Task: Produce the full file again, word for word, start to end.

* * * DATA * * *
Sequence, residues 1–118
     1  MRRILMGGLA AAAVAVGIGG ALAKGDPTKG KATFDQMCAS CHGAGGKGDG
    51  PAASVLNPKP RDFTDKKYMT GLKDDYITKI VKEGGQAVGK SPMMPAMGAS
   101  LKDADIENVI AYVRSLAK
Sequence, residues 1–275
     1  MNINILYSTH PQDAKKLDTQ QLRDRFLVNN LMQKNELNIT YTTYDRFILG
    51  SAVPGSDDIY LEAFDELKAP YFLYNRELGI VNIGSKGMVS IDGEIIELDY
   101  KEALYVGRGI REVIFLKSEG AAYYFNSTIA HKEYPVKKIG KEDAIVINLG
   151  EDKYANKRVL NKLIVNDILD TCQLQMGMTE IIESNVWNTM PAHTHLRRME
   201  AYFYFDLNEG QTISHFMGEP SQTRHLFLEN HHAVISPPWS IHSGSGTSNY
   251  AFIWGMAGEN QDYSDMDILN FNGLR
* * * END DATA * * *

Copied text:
Sequence, residues 1–118
     1  MRRILMGGLA AAAVAVGIGG ALAKGDPTKG KATFDQMCAS CHGAGGKGDG
    51  PAASVLNPKP RDFTDKKYMT GLKDDYITKI VKEGGQAVGK SPMMPAMGAS
   101  LKDADIENVI AYVRSLAK
Sequence, residues 1–275
     1  MNINILYSTH PQDAKKLDTQ QLRDRFLVNN LMQKNELNIT YTTYDRFILG
    51  SAVPGSDDIY LEAFDELKAP YFLYNRELGI VNIGSKGMVS IDGEIIELDY
   101  KEALYVGRGI REVIFLKSEG AAYYFNSTIA HKEYPVKKIG KEDAIVINLG
   151  EDKYANKRVL NKLIVNDILD TCQLQMGMTE IIESNVWNTM PAHTHLRRME
   201  AYFYFDLNEG QTISHFMGEP SQTRHLFLEN HHAVISPPWS IHSGSGTSNY
   251  AFIWGMAGEN QDYSDMDILN FNGLR